( Irishhealth)- - Many risks for children of alcoholics
There is a genetic component to alcoholism that makes the children of alcoholics four times more likely to develop alcoholism than those from non-alcoholic homes, a new report has stated.
According to the report, Suffer the Children, from UK addiction specialists, the Priory Group, there is a widespread misconception that addiction is all about the addict and that they are the only ones who suffer. However the reality is that alcoholism affects the entire family, particularly the children.
"Alcohol abuse is a multigenerational issue - generation after generation, children of alcoholics suffer from and, as adults, frequently perpetuate destructive family systems", explained Dr Michael Bristow, a consultant psychiatrist with the Priory.
The report notes that 70% of adult children of alcoholics (ACOAs) develop patterns of compulsive behaviour around alcohol, drugs, food, sex, gambling or spending. Furthermore, they are up to four times more likely to become alcoholics than the general adult populations and 50% of them will go on to marry an alcoholic.
It also points out that parental alcohol abuse contributes to child abuse and these abused children are then at an increased risk of becoming alcoholics in adult life and subsequently abusing their own offspring.
"The reported rates of alcohol abuse in physically or sexually abusive families ranges from 25 to 84%. Around 55% of family violence occurs in alcoholic homes and incest is twice as likely among daughters and sons of alcoholics than their peers", it said.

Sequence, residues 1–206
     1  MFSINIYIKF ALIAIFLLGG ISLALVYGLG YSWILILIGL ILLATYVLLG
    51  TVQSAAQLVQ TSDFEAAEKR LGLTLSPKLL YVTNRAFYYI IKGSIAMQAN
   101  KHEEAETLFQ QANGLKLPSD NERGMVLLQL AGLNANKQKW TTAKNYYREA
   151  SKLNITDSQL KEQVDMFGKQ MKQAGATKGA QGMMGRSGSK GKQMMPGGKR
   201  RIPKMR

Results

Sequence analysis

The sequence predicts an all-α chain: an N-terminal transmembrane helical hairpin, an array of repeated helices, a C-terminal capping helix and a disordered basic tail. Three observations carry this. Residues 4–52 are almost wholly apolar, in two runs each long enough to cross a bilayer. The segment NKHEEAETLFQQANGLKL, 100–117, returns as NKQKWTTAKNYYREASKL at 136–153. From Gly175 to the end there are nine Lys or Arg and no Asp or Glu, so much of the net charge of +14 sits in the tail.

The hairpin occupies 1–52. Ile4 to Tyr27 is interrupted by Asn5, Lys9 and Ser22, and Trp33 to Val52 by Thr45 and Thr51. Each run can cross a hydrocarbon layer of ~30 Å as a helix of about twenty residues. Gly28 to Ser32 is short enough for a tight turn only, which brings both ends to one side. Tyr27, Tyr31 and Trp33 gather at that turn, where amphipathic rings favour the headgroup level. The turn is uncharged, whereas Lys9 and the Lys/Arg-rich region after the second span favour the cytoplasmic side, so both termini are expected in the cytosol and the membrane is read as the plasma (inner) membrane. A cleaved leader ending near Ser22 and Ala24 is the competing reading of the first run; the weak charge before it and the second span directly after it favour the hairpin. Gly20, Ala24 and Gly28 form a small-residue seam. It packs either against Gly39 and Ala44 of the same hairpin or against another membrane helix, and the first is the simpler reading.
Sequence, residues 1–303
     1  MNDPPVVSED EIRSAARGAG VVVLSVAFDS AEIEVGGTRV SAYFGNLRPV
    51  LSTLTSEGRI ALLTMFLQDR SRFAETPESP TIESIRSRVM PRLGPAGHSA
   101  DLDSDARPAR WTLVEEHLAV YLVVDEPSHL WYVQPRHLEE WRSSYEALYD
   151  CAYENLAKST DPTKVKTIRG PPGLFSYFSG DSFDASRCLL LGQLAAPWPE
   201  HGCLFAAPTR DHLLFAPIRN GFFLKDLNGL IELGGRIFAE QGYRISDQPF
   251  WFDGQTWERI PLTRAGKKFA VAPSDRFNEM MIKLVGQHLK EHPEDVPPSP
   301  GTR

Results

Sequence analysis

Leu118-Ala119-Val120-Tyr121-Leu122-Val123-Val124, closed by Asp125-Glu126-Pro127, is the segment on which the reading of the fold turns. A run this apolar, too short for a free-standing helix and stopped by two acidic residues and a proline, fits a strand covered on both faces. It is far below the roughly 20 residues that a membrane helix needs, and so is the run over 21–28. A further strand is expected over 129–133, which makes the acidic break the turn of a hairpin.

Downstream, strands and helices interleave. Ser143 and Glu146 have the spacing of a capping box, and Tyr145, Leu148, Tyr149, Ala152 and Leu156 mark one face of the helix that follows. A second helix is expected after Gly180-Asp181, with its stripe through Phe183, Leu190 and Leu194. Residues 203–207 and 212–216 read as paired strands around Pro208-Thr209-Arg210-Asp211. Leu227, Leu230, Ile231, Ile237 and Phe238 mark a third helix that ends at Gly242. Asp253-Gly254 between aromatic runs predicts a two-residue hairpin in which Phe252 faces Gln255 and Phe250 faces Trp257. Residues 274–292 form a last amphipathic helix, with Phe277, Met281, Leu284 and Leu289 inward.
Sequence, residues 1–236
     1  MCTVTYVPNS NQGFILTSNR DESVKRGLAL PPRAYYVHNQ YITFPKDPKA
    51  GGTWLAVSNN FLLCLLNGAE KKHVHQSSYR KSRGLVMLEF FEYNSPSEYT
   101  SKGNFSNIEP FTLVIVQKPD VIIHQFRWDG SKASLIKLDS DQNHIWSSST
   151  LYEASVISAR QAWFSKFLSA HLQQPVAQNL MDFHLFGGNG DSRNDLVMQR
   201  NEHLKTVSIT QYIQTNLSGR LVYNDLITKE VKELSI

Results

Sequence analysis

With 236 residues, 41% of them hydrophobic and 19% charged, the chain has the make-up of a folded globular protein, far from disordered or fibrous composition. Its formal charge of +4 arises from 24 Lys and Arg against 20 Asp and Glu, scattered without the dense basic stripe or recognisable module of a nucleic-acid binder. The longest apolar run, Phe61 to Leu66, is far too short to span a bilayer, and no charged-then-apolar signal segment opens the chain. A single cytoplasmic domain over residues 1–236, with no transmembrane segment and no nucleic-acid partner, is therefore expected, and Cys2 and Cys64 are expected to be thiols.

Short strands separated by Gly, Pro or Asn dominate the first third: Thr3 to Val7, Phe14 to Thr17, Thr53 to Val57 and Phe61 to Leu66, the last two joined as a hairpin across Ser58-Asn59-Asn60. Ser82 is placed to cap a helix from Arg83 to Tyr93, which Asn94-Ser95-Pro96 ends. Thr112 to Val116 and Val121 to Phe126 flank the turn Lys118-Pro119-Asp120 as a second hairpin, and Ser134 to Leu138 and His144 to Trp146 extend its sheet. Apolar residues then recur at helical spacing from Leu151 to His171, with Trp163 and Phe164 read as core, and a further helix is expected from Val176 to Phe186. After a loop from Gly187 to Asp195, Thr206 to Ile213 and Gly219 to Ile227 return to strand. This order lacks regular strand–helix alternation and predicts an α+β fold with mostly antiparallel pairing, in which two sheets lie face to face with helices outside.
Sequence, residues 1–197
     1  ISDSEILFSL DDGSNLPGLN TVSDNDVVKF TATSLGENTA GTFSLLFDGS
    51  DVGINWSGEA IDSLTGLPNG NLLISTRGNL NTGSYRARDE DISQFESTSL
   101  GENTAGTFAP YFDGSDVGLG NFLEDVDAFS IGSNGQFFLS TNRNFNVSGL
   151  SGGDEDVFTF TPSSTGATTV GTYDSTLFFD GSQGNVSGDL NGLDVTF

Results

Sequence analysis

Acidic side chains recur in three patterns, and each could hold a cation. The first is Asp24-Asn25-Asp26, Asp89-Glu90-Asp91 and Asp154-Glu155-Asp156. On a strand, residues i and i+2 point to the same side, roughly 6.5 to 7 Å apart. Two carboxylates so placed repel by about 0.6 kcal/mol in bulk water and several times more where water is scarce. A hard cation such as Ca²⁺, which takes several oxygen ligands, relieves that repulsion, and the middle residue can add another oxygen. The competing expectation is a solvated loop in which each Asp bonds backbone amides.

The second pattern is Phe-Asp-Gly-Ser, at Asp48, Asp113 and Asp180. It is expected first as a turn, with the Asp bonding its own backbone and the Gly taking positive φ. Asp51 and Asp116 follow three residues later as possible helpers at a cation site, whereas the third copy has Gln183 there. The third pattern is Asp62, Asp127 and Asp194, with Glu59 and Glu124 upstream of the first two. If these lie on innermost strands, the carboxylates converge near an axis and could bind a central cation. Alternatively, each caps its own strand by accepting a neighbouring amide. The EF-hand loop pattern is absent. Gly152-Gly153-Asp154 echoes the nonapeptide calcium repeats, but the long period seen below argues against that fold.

Aside from the issue of abuse, the report emphasises that children raised in alcoholic families have 'markedly different developmental experiences than those raised in non-alcoholic families'.
"Their development in key areas is hindered, adversely affecting their adult relationships, employment prospects and quality of life", Dr Bristow said.
The report points out that the most significant characteristic of ACOAs is their confusion about what 'normal' is.
"Their dysfunctional childhoods provided them with little or no 'normal' life experiences, so they guess at what correct behaviour is to stop others from discovering that they genuinely don't know how they should act, react, talk or simply be", the report states.
However it adds that the cycle of alcoholism and abuse can be stopped.
"Alcohol dependency can be successfully treated at all stages if the person is willing to change. Rehabilitation is a positive, life-changing process that can transform the alcoholic parents and the alcoholic family system", Dr Bristow explained.
Meanwhile therapy can 'transform the lives' of ACOAs.
"ACOAs need to start and keep talking - to put their feelings into words and communicate with people", the report says.